The LGA has long called for flexibility and locally determined fines, while we welcomed the Government’s decision to increase fines for fly tipping, littering and graffiti, new powers do not go far enough, and local authorities would like to see the cap on fixed penalty notices removed. 

We want to work with Government and the sentencing council on reviewing guidance to the courts to ensure the worst offenders face tougher fines, and councils have the funding needed to investigate and prosecute fly-tippers. 

Councils want courts to look at fly-tipping as an offence first, rather than at the individual and their ability to pay, as well as more use of suspended sentences, or custodial sentences for anyone convicted of a second fly-tipping offence. For councils to be able to effectively prosecute fly-tippers, develop litter strategies and put the best local actions in place, councils must be adequately funded and given long term funding certainty.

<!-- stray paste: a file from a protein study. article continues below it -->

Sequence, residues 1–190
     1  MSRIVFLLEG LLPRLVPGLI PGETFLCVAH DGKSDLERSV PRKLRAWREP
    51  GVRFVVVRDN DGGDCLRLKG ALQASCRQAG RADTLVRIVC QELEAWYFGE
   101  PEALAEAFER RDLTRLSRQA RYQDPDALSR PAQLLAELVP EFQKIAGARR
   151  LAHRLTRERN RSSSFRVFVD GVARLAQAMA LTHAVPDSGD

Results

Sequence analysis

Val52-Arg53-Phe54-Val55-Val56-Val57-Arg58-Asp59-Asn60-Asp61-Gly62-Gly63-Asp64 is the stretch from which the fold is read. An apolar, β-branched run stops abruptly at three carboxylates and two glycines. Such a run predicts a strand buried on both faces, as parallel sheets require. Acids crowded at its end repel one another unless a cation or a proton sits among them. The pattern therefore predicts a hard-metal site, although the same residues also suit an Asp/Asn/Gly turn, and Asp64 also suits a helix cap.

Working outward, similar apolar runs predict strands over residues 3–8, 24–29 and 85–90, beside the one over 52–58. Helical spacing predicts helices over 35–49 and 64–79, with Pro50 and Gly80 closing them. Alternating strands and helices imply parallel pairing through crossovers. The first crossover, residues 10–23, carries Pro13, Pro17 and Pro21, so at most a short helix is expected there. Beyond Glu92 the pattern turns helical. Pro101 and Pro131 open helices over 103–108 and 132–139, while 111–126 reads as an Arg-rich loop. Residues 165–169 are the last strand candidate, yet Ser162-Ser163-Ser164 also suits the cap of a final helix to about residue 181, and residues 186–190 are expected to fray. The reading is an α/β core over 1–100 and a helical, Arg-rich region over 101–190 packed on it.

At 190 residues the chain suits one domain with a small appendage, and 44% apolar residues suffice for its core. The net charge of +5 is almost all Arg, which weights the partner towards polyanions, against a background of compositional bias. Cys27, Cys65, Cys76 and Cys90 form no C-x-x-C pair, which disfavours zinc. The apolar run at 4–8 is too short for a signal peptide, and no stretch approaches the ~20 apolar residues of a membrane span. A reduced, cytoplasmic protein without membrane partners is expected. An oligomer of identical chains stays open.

Sentencing guidelines for Magistrates courts need to be updated to make prosecuting fly-tippers less of a lottery for councils and deter criminals. Taking criminals to court costs councils time and money but is the right thing to do ensure that offenders are appropriately reprimanded and receive a criminal record for fly-tipping. However, fines issued by courts following criminal proceedings are low, and averaged less (£526) than the £1000 fixed penalty notice councils can issue as a civil action. In addition to the low fines, councils are often left out of pocket from court action as their costs are not fully repaid.  

We believe it’s crucial for the courts to properly prosecute these criminals to deter them from fly-tipping again. Issuing a fixed penalty notice can work for a one-off fly-tipping offence but figures show a rise in criminal operators making a business out of illegal waste dumping. Fly-tipping is criminal activity and is a blight on our public spaces. The individuals responsible for it must be held accountable and prosecuted.